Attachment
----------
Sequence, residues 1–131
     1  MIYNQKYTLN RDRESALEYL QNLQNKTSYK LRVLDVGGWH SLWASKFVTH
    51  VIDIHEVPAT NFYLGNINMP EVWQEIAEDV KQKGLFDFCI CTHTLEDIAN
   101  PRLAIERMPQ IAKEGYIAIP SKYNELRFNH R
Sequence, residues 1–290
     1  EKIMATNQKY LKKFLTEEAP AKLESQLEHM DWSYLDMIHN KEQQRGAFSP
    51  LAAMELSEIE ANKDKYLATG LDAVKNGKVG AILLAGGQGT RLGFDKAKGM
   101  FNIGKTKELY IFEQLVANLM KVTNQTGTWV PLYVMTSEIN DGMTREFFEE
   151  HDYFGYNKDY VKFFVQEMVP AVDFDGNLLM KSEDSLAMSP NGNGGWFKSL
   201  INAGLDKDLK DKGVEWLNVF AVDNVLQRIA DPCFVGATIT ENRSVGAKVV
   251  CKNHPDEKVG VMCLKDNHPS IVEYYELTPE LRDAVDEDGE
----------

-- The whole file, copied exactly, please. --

Sequence, residues 1–131
     1  MIYNQKYTLN RDRESALEYL QNLQNKTSYK LRVLDVGGWH SLWASKFVTH
    51  VIDIHEVPAT NFYLGNINMP EVWQEIAEDV KQKGLFDFCI CTHTLEDIAN
   101  PRLAIERMPQ IAKEGYIAIP SKYNELRFNH R
Sequence, residues 1–290
     1  EKIMATNQKY LKKFLTEEAP AKLESQLEHM DWSYLDMIHN KEQQRGAFSP
    51  LAAMELSEIE ANKDKYLATG LDAVKNGKVG AILLAGGQGT RLGFDKAKGM
   101  FNIGKTKELY IFEQLVANLM KVTNQTGTWV PLYVMTSEIN DGMTREFFEE
   151  HDYFGYNKDY VKFFVQEMVP AVDFDGNLLM KSEDSLAMSP NGNGGWFKSL
   201  INAGLDKDLK DKGVEWLNVF AVDNVLQRIA DPCFVGATIT ENRSVGAKVV
   251  CKNHPDEKVG VMCLKDNHPS IVEYYELTPE LRDAVDEDGE